Patterns of Learning in Young Children with Autism Spectrum Disorders

Poster Presentation
Friday, May 3, 2019: 5:30 PM-7:00 PM
Room: 710 (Palais des congres de Montreal)
S. C. Bauer1, Y. Li2, R. A. deRegnier3, D. M. Brazdziunas4, J. Stanczak5 and M. Weissbourd6, (1)Pediatric Developmental Center at Illinois Masonic Medical Center, Advocate Children's Hospital, Chicago, IL, (2)Advocate Center for Pediatric Research, Advocate Children's Hospital, Oak Lawn, IL, (3)Pediatrics - Neonatology, Ann & Robert H. Lurie Children's Hospital of Chicago, Chicago, IL, (4)Ann and Robert H. Lurie Children's Hospital of Chicago, Chicago, IL, (5)Ann & Robert H. Lurie Children's Hospital of Chicago, Chicago, IL, (6)Child Psychology and Psychiatry, Ann & Robert H. Lurie Children's Hospital of Chicago, Chicago, IL

Understanding the cognitive profile of children with autism spectrum disorders (ASD) is important to determining whether there is a pattern that is unique to this learning style, potentially informing prognosis and targeting appropriate interventions.


The purpose of this pilot study was to examine the pattern of language and nonverbal intelligence in young children with ASD as measured on standardized developmental and achievement testing as a way to guide future therapeutic and educational interventions.


The study design was a retrospective chart review of 168 children with ASD (median age 4.11 years; SD=1.08) evaluated at Lurie Children’s Development Clinic from 8/1/11 to 8/1/16. The following data was extracted from the electronic medical record: date of visit, date of birth, sex, race and ethnicity, educational and therapeutic interventions, and testing results.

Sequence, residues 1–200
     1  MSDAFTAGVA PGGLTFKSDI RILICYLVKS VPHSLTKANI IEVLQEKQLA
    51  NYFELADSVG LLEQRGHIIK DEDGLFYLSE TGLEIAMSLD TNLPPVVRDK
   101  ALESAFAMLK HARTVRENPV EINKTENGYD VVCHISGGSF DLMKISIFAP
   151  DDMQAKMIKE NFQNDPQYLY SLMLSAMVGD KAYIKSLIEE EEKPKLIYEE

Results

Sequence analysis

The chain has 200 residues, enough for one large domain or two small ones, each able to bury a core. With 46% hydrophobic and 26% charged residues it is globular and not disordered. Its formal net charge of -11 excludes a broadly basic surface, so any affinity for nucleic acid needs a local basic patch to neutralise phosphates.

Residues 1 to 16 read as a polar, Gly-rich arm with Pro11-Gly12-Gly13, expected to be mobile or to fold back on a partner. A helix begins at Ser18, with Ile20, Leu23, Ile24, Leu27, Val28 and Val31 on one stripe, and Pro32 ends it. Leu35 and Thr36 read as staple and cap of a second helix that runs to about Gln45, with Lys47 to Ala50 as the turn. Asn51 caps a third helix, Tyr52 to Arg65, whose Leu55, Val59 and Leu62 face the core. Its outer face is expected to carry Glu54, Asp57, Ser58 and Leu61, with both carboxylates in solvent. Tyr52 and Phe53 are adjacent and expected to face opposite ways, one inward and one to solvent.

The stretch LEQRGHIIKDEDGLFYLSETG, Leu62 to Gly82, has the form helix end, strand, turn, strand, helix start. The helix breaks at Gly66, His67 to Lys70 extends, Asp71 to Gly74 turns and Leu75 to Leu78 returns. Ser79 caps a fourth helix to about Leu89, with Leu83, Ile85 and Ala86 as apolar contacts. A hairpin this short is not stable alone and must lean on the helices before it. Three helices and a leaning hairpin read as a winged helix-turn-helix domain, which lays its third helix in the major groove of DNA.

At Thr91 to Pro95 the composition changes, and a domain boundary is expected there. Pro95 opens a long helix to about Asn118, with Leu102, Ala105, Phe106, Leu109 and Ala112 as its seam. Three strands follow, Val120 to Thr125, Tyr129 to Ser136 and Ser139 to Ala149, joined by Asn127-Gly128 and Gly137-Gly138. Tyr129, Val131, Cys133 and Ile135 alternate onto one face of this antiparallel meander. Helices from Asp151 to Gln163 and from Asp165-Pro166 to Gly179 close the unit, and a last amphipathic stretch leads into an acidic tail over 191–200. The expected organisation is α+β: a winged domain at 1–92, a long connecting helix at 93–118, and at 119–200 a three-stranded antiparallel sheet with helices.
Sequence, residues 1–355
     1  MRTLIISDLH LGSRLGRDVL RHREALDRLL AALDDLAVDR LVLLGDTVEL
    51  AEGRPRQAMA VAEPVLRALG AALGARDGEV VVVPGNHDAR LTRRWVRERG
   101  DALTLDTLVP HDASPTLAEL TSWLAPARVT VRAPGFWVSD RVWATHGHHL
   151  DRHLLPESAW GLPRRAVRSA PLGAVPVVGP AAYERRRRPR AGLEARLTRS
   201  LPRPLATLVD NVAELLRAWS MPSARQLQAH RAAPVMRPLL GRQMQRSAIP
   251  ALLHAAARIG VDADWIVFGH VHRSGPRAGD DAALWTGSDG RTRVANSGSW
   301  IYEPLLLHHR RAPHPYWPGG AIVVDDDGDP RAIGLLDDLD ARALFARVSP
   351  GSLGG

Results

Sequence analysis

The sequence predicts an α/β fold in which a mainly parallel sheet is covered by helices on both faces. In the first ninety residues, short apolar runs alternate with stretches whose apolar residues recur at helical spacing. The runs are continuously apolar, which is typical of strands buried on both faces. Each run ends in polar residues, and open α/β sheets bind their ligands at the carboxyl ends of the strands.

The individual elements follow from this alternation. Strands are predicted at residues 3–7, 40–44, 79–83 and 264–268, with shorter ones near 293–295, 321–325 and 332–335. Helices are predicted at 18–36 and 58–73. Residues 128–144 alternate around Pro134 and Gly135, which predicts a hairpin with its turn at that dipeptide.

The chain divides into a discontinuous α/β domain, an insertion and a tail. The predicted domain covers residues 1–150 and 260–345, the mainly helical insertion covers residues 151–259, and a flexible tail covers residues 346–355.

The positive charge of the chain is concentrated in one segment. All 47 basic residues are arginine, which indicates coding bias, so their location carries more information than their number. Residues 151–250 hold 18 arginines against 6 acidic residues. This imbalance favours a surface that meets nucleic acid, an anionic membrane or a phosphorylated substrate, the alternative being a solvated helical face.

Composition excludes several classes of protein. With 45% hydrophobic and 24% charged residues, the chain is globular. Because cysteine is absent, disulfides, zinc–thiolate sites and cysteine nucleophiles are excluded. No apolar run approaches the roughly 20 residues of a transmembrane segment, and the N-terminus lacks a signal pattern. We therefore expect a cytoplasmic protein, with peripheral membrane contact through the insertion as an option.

Statistical analyses utilized included Student’s t-test and paired t-test, Chi-squared tests and the use of the Bonferroni correction when appropriate. A two-sided p value ≤ 0.05 was considered statistically significant.


Of the 168 children, 80% were male and 20% were female. In regards to ethnicity, 56% were Caucasian, 26% Hispanic, 13% African American, and 5% responded as “other” or did not report ethnicity.

Sixty-six percent of the sample attended school. Ten percent attended a general education preschool classroom with the remaining in special education settings. Forty-three percent received school based therapy services. Sixteen percent participated in applied behavior analysis therapy (ABA).

Fifty-three participants were evaluated using the Bayley Scales of Infant Development- Third Edition due to lower developmental attainment. They were significantly younger when first diagnosed with ASD (x=4.27, SD=0.9, p<0.0005), suggesting that they required increased levels of support.

One hundred nineteen children completed all of the subtests on the Differential Abilities Scales, Second Edition. The mean GCA score was 77; the mean verbal score was 73; the mean nonverbal score was 82; the mean spatial score was 83. A significant difference was found between verbal and nonverbal reasoning scores, with nonverbal skills being higher (mean difference 7.5, p<0.0005).

Eighty-five children completed all of the subtests on the Bracken School Readiness Assessment. Composite scores fell in the average range (mean 93, SD=16.7). Significant differences between subtests on the Bracken were found. Identifying colors, shapes, letters and numbers were strengths in our population as all fell in the average range. Understanding of size/set comparisons (B-R-S/C), a more language based skill, fell significantly below the mean (x=4.17, SD= 3.736). Performance on this subtest was found to be significantly higher among subjects attending school (mean 4.53, SD=3.836, p=0.004).


School attendance correlated with more flexible thinking as indicated by improved scores on the set comparisons subtest of the Bracken. Children with ASD display a unique learning style characterized by strengths in visual learning and memory. Future research is required to understand the effects of school and socioeconomic status on learning performance.